You know that your day is going to suck when you wake up shivering on the floor of your friend's office after four hours of sleep with the stale aftertaste of a cigar in your mouth and an appointment at the mechanic's to prepare for.
Some background: Yesterday, I was homeless, and had been so for about 24 hours. All my things were in my new apartment, save a few scattered throughout my car and on TGD's floor, but I could not officially inhabit my new space until the 15th, due to the persistant inhabitance of the subletter. That night, after moving all morning (on about 5 hours' sleep), several of us went drinking and cigar smoking, which was awesome. I got loopy drunk, due more to the exhaustion than the drinking, as I only had 3 drinks (well, five including the two scotch martinis before we left, but to be fair I spilled half of those). But since we were at a cigar bar, we decided to go with the pure stuff, so I had me some very nice Basil Haydens and a glass of Macallan 12 year. We were out till 2, then stayed up till 3 to sober up a bit. When I went to sleep, it was pleasantly warm in the office, and I had my comfy comfy air mattress.
What I did not have, was a blanket. That really came back to bite me in the ass when I woke up at 7:00 and it was pouring down rain and it was freezing cold in the room. So I went to the Mitsubishi dealership to get my air system repaired (apparently it was so encrusted with gunk that the switches and whatnot couldn't even move). I was already irate with these people because they hadn't called me to let me know the parts I ordered two weeks back had come in (as they promised to do after taking $150 of my money). So it was with no small amount of shock that they told me it would take five hours to replace these parts. Apparently they had to pull out the entire dashboard to do so. Sadly, the dealership is far from my usual haunts, so there was nowhere to really go, and it was pouring down rain. So I sat, in their crappy waiting room, for four hours, attempting to read, and inadvertantly watching Live with Regis and Kelly as well as The View, both of which reconfirmed my hatred of morning television, and talk shows in general. Furthermore, as I was hungover, with cigar breath and taste in my mouth, I was particularly disgrunteled to discover that I didn't have any bills smaller than a $20, and thus the vending machines, not two feet from me, were woefully off limits.
After four hours, the rain stopped. Going slightly mad at this point, I decided to walk underneath the Beltline and go to the Culver's on the other side for lunch. Which was not bad, particularly since I've been dieting and thus not eating fast food for about 3 months now (all dieting restrictions went out the window during moving time, as I had no food and no patience to look for healthy alternatives). Unfortunately, as I began to eat my burger, it began to pour again. The dealership was a good 20 minute walk away (despite the fact that I could still see it out the window), because the closest crossing under the highway was that far. And I had no umbrella, as the two I normally keep around me were both in my car (the irony of which was not lost on me). So I waited at Culver's for an hour and a half, nursing my diet pepsi and cursing the heavens. (Seriously. We had a drought for two months. It couldn't stop raining for 25 minutes more?) Finally the rain stopped, and I made it back, to see my car sitting outsite, all ready to go. Again, they had not called my cell to let me know when it was done, as they had promised. For all I know, the car had been sitting there for three hours).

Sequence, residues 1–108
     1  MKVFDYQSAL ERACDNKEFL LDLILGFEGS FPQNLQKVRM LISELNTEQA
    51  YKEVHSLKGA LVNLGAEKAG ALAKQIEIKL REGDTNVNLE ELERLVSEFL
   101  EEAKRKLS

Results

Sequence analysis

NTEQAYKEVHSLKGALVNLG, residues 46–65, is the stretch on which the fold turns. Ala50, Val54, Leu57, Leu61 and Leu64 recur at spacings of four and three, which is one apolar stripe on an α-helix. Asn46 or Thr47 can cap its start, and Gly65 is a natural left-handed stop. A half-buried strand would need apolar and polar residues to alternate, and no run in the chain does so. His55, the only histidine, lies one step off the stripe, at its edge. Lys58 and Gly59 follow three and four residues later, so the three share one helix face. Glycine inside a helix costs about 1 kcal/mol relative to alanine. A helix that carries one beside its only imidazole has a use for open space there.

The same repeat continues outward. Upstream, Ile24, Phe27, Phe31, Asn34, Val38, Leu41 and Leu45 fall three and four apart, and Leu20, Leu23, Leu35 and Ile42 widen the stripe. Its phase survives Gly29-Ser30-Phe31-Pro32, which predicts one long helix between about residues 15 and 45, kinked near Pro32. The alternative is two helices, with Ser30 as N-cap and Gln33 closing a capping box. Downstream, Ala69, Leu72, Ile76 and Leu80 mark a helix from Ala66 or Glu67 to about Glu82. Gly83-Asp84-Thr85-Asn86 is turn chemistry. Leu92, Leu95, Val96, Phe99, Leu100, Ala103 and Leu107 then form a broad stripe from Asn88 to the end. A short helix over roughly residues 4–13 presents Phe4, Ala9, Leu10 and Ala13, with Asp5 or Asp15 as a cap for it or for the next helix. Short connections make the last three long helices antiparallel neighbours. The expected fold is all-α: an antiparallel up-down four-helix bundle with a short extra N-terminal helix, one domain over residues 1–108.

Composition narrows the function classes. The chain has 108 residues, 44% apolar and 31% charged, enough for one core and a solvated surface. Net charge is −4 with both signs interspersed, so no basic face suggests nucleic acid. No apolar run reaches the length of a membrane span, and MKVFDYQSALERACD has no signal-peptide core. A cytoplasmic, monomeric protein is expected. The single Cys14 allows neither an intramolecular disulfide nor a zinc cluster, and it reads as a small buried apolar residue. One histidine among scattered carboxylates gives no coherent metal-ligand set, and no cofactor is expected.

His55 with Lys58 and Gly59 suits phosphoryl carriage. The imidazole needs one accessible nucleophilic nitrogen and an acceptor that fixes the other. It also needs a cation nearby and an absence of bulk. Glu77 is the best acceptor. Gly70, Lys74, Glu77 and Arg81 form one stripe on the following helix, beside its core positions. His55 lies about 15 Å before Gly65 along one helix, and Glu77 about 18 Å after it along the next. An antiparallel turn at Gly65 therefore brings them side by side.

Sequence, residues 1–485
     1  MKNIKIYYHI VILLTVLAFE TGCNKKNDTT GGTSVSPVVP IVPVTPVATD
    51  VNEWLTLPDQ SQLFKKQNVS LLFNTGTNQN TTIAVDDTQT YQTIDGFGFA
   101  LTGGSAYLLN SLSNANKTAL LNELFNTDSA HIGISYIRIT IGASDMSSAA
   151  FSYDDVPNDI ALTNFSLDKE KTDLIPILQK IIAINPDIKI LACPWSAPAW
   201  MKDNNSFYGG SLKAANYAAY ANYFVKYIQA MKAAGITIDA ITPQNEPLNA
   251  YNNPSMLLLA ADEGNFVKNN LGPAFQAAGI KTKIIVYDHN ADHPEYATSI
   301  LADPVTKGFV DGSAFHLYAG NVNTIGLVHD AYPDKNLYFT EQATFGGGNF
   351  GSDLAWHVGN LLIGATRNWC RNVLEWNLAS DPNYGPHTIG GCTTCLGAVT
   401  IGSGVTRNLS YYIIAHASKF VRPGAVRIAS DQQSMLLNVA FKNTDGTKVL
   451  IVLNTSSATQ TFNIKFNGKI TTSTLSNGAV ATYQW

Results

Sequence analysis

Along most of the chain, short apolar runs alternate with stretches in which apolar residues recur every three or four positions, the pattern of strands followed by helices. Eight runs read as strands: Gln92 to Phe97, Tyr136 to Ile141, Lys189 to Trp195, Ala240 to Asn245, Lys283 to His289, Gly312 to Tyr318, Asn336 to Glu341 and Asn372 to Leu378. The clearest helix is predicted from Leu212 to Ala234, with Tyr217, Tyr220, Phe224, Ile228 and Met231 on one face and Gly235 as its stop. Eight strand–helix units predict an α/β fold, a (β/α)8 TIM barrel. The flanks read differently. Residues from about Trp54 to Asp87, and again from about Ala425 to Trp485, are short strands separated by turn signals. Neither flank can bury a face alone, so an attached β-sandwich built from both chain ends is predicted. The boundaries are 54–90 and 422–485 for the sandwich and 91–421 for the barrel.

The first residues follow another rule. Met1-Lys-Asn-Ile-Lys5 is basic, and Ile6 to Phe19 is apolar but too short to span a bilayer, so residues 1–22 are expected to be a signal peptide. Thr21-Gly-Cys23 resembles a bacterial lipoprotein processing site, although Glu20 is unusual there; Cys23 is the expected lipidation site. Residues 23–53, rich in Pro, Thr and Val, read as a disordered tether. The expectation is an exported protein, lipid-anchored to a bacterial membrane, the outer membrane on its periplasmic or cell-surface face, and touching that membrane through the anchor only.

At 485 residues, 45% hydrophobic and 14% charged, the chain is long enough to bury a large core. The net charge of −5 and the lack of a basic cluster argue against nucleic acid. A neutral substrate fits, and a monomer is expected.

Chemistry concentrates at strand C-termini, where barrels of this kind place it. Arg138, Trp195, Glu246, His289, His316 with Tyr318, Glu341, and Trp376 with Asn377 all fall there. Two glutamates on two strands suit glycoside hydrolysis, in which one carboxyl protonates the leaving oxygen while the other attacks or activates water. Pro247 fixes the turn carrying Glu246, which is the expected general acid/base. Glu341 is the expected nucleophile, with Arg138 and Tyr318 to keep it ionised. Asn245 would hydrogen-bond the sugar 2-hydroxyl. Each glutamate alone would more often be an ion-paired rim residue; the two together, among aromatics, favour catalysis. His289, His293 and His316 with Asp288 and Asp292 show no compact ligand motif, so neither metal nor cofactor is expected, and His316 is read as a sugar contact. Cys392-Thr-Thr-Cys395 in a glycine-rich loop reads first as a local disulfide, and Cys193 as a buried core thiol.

Of course, for the sheer time it took to pull my car apart and put it back together, I ended up paying over $500. Only to discover, as I was driving along the highway, happy as a clam, that the damn air system still didn't work. Turns out that the motor of the blower is on its last legs. Which is ironic, considering when I took the car in originally, I said I thought the motor of the blower was busted, and they should look at that first. How these professionals managed not to hear the deafening rattle it put out is beyond me, but I basically ended up spending about $775 to fix a problem that didn't even fix the problem I took it in for. Realizing their stupidity, they agreed to put the new motor in for me at no charge, once it gets here. Sadly, though, that won't be till at least next Monday, which means that I will be driving in St. Louis weather (highs in the 100s, lows in the 80s) with a busted air conditioner this weekend. Again ironically, this is the very thing I took my car in to avoid. I could live without a/c in Madison, as I never drive far and it isn't all that hot. But in St. Louis, especially on a 6 hour drive, it's a death sentence. Oh well, at least I paid a shitload of money to get screwed and then sweat a lot.